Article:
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Old 02-19-2008   #32
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Default Re: Amps for dummies

Originally Posted by kennyt View Post
Class A use full power all the time, so they are always ready to output it. They run hot and eat up electricity.
For Class A output, the transistors are biased so that they are conducting for both halves of AC waveforms, The highest "positive-going" output rides above a midpoint value, while the most "negative-going" output rides below the midpoint value but still out of the non-linear portion of the curve close to zero, rather than running at full power.

Originally Posted by kennyt View Post
Class B switches on and off as needed, saves power and heat
Class B output is biased so that the transistors are off during almost one half of AC waveform. A second transistor is used to carry the opposite portion of the waveform during the time that the first one is off. This allows both transistors a chance to recover (each one has an average 50% duty cycle, and also allows for greater total signal swings, since the peak to peak signal is summed. Class B is non-linear because there is a period near the positive and negative region near zero, where neither transistor conducts.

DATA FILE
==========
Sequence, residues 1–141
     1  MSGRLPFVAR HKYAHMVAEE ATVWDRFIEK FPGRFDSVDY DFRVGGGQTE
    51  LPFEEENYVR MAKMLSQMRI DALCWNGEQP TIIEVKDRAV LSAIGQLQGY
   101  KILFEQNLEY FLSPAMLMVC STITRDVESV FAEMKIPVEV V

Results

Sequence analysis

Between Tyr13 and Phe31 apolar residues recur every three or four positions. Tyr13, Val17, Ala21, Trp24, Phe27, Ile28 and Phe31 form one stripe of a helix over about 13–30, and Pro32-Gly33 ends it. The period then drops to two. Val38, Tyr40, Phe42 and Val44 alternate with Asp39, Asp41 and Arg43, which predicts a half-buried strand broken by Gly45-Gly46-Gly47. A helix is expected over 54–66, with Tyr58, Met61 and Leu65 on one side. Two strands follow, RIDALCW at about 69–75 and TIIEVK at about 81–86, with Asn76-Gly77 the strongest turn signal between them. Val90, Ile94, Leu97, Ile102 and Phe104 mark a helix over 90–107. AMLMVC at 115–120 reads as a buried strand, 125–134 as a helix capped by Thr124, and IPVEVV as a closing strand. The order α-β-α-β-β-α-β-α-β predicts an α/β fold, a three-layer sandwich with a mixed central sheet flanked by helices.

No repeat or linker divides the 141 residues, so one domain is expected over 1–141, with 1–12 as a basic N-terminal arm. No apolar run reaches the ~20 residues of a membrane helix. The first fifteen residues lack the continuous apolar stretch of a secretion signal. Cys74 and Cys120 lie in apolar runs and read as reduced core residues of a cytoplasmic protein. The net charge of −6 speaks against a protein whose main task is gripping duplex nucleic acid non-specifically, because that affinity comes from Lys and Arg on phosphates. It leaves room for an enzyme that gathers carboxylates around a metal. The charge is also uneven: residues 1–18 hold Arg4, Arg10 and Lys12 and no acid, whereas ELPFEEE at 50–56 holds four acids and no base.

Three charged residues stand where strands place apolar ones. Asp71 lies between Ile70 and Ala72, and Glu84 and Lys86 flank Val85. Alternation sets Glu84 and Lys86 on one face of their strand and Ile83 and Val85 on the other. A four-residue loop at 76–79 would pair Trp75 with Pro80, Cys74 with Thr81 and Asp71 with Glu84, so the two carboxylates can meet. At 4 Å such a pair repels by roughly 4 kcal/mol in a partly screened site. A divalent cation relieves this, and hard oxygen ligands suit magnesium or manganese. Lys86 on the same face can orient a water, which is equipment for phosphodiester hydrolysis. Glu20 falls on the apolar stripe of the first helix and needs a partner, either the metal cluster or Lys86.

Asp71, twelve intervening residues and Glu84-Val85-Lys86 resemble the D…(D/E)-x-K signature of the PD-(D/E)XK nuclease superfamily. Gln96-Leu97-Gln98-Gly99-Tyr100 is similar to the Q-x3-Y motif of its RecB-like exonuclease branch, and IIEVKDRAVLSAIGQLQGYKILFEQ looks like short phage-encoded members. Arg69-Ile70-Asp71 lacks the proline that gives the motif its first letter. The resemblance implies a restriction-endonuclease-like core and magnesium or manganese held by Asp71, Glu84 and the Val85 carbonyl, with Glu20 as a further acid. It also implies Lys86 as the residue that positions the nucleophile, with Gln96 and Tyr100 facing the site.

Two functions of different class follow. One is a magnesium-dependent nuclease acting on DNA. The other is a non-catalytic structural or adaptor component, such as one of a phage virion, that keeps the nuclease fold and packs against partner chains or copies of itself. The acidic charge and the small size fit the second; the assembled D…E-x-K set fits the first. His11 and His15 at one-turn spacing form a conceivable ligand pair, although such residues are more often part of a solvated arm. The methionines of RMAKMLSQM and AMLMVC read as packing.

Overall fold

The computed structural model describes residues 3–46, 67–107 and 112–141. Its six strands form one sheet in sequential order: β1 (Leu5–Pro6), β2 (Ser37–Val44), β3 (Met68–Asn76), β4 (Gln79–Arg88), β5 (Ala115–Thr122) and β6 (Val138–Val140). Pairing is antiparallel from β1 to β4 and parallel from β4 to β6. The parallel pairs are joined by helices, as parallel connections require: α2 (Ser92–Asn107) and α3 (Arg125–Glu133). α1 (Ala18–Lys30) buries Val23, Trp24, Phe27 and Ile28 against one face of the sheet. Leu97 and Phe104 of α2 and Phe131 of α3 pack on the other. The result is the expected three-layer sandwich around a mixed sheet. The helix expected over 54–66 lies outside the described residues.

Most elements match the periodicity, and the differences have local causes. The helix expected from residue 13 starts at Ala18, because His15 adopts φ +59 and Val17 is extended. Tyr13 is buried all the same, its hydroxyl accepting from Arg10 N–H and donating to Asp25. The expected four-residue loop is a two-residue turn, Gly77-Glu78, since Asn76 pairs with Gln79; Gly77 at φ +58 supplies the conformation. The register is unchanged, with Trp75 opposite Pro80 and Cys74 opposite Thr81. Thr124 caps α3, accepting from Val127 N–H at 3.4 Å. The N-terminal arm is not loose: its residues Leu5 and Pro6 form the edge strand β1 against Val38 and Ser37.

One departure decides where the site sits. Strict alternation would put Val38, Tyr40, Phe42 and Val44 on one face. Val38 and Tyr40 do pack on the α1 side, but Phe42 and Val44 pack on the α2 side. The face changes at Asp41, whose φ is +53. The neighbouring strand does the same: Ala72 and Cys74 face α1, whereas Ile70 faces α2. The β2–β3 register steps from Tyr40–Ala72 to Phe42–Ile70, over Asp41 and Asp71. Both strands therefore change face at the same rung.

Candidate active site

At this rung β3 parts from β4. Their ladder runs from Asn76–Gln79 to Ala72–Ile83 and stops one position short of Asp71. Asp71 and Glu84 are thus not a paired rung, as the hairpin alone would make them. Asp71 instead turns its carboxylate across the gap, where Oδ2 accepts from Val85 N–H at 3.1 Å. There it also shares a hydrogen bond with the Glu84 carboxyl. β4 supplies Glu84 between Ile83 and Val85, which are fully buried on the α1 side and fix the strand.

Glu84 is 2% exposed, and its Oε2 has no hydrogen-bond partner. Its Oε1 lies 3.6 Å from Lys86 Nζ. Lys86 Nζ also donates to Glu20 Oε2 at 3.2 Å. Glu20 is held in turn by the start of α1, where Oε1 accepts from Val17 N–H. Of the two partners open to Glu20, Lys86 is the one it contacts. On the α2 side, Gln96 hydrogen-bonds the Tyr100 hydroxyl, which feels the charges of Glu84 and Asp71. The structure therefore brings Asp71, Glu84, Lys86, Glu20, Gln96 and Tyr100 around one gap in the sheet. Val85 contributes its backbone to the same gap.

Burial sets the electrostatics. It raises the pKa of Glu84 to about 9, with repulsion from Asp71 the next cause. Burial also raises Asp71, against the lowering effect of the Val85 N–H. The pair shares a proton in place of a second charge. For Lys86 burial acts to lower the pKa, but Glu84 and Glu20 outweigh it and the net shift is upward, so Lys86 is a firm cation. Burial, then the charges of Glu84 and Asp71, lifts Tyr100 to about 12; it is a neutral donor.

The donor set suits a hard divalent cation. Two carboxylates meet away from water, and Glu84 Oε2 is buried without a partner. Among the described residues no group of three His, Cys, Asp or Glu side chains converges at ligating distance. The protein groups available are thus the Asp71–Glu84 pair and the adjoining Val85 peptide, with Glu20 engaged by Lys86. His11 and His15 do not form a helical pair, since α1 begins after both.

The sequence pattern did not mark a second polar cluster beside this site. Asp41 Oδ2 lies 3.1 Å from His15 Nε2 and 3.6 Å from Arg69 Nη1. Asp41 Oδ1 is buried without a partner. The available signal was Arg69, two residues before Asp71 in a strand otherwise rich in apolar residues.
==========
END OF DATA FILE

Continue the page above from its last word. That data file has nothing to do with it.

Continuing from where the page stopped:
Originally Posted by kennyt View Post
Class A/B works like class A to a point, then uses class B type switching for the higher outputs.
In Class AB, a small bias is placed on the transistors to keep them conducting a little earlier than they normally would, to keep them out of that non-linear part of their curves close to zero.

Class C is where the transistors are biased to conduct less than 50% of the time, but they still linearly track a portion of the input signal that is higher than some threshold volue. One variation (Class G, I think) uses multiple sets of power supplies that are switched in as the signal swings toward the normal power supply limit, to extend the output signal beyond it. Another variation (Class H, I think) actually had separate transistors and power supplies that were turned on to follow the peaks.

Originally Posted by kennyt View Post
D are digital or switching amps, they've been around a while but people are really just getting them accepted by the high end. No, all solid state amps are not digital amps.

This is obviously only a brief overview, but will give you the idea.
Class D is where the transistors are biased to conduct as switches - when they are on, they are driven to the supply rails - A variation on the pulse amplifier technique actually uses a form of modulation such as pulse width modulation, combined with summing up the pulses (integration) through the load and a capacitor to reconstruct an analog signal.
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